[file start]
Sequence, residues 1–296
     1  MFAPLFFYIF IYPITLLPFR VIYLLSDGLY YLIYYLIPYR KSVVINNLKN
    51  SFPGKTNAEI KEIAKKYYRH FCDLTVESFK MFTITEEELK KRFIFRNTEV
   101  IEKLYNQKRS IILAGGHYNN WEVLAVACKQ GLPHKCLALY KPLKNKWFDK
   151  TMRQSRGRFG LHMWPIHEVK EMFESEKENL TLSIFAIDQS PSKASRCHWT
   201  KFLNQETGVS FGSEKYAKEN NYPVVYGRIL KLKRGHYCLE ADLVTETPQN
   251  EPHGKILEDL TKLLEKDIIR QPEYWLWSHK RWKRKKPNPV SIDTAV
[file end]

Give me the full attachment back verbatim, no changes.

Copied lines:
Sequence, residues 1–296
     1  MFAPLFFYIF IYPITLLPFR VIYLLSDGLY YLIYYLIPYR KSVVINNLKN
    51  SFPGKTNAEI KEIAKKYYRH FCDLTVESFK MFTITEEELK KRFIFRNTEV
   101  IEKLYNQKRS IILAGGHYNN WEVLAVACKQ GLPHKCLALY KPLKNKWFDK
   151  TMRQSRGRFG LHMWPIHEVK EMFESEKENL TLSIFAIDQS PSKASRCHWT
   201  KFLNQETGVS FGSEKYAKEN NYPVVYGRIL KLKRGHYCLE ADLVTETPQN
   251  EPHGKILEDL TKLLEKDIIR QPEYWLWSHK RWKRKKPNPV SIDTAV